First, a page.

Getting planning permission for any kind of project can be a long and laborious process, and sometimes even cost you money. To make matters worse, you can also find yourself being denied such permissions if you don’t know your stuff.

Whether you’re planning an extension to your own home, a new build or the refurbishment of a buy-to-let investment property, take note of these top tips to increase your chances of success.

Know your policy

There are existing policies both locally and nationally that you need to be aware of and the best place to start to find these are on your local authority website. The planning pages can be tricky to find, but I would suggest looking for a Building Control section or search by services offered. These should give you an insight into what’s important in your region and whether there are any strategies in place against which your application will be tested. There are usually high-level policy documents such as a Core Strategy and more specific guidance documents such as Design Guidance which have varying levels of detail about what the council require.

If you’re converting a family home into a House in Multiple Occupation (HMO), you need to find out whether there is an Article 4 Direction in force. If so, what areas does it cover and what are the specifics of the policy requirements for the number of HMOs in the area?

It is also worth checking through previous planning applications to see how the local policies are applied. What do they approve as an appropriate development and do they emphasise parking, sustainability, neighbourhood amenities or house size in the decisions?

Use planning jargon

If your application is an easy read for the Planning Officer, then it’s less likely to throw up any questions around clarity and can speed up the process, so phrasing is really important. Using buzz words such as sustainability, street scene and access will make a huge difference to how your application will be perceived. You also need to be specific - a large extension is not as good as saying you’re going to do a 4 metre good quality design extension.

Don’t lie – it’s no good saying there will be no disturbance to neighbours. You can guarantee this will be challenged at every opportunity so you should say there will be minimal disturbance with no impact on neighbourhood amenity where applicable.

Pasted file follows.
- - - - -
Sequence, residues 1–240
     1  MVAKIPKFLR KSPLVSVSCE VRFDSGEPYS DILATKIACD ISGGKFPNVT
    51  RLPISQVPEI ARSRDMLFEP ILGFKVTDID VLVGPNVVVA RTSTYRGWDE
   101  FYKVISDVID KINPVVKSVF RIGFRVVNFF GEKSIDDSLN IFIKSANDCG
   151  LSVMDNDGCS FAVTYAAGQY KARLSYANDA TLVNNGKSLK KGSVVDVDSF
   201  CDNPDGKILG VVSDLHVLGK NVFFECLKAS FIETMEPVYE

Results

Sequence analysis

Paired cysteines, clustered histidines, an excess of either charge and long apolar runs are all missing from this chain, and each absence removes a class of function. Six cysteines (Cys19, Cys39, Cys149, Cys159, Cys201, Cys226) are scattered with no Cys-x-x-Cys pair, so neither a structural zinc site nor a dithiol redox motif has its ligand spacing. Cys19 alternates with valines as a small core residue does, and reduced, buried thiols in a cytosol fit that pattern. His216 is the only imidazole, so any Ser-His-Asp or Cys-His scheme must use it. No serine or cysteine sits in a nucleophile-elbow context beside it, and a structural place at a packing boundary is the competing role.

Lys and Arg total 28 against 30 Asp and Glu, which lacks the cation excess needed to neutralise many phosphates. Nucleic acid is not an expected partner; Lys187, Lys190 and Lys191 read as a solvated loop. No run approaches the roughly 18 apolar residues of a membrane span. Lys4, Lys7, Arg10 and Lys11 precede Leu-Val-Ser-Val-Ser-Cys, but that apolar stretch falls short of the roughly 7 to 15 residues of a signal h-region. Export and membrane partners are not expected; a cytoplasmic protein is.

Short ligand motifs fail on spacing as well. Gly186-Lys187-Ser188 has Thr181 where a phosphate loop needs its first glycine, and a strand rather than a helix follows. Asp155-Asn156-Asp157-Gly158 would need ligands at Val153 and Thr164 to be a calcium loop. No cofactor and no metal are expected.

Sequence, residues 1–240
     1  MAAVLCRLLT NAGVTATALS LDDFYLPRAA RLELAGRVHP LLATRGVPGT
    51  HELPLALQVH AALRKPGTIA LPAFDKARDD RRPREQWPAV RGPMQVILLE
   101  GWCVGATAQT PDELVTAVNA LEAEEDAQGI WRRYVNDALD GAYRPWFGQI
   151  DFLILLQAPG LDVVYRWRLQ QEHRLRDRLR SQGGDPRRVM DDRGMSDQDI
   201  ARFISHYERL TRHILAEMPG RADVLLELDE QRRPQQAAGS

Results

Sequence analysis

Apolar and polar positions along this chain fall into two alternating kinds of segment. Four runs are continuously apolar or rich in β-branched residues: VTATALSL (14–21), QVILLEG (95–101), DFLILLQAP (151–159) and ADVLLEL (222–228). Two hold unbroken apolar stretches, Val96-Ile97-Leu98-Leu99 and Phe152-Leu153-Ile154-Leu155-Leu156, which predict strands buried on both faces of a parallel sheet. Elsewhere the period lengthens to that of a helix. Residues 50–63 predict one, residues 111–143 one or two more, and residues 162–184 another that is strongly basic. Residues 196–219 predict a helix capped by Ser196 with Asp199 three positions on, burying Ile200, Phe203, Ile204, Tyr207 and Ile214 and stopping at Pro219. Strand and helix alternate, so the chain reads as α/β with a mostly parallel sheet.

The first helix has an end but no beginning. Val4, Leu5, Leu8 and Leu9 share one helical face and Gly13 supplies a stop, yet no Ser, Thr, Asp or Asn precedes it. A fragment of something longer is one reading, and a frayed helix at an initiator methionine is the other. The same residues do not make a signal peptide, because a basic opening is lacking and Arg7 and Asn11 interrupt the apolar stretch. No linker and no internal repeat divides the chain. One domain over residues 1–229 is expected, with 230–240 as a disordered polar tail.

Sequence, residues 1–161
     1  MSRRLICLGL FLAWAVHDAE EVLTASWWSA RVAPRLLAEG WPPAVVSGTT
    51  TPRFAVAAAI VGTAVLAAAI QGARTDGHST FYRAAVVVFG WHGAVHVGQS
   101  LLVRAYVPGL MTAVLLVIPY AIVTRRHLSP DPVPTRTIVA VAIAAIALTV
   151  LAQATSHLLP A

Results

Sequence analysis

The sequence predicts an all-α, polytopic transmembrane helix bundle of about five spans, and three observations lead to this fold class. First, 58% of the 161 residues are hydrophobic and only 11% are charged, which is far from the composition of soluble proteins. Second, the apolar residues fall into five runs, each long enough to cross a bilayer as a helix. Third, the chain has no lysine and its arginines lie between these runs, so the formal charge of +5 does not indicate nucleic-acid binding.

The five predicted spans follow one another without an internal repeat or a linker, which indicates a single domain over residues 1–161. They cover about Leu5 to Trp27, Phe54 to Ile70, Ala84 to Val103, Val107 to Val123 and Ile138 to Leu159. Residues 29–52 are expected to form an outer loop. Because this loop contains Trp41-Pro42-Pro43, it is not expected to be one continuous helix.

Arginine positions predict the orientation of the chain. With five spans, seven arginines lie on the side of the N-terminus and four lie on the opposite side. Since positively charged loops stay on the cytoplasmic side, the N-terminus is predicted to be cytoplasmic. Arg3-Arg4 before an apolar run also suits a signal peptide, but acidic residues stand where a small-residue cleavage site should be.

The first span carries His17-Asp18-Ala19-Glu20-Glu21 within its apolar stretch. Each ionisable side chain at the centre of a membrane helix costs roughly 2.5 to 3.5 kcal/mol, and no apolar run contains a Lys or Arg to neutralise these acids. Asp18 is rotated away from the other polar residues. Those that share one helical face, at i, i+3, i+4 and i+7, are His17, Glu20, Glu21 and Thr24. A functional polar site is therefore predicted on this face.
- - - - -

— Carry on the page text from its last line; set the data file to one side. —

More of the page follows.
Get the right maps

Every single planning application, whether it’s a certificate of lawful use or a full planning application for 300 houses, will need a site plan and a block plan. Go to the planning portal and download your maps - all councils charge approximately the same. Make sure you draw in red around the whole plot, not the building. Do not use any other colour - green, blue, black or even pink - they won’t be accepted.

Also check if there are any previous planning applications on the site. If the permitted development rights have not changed, you may be able to use the existing plans.

Speed up validation

It’s important to note that the eight week timescale does not start on the date you submit the planning application, but the date that the Planning Officer validates it. Planning departments aren’t the most tech-savvy, so it’s always worth saving your word documents in the 1997-2003 format or they won’t upload to the Portal.

Also name your file uploads clearly. If you don’t, the Planning Officer has to open it, look at it, and re-save it. It can be frustrating for them, especially if they have to do it numerous times. Give it a description rather than a reference. So ‘rear elevation A3’ and the address, not ‘drawing 123’.

Talk to people

Talk to your neighbours, local councillors and Planning Officer. By introducing yourself and explaining your intentions, you could save time having to deal with peoples’ concerns later down the line.

View more articles by Alison Broderick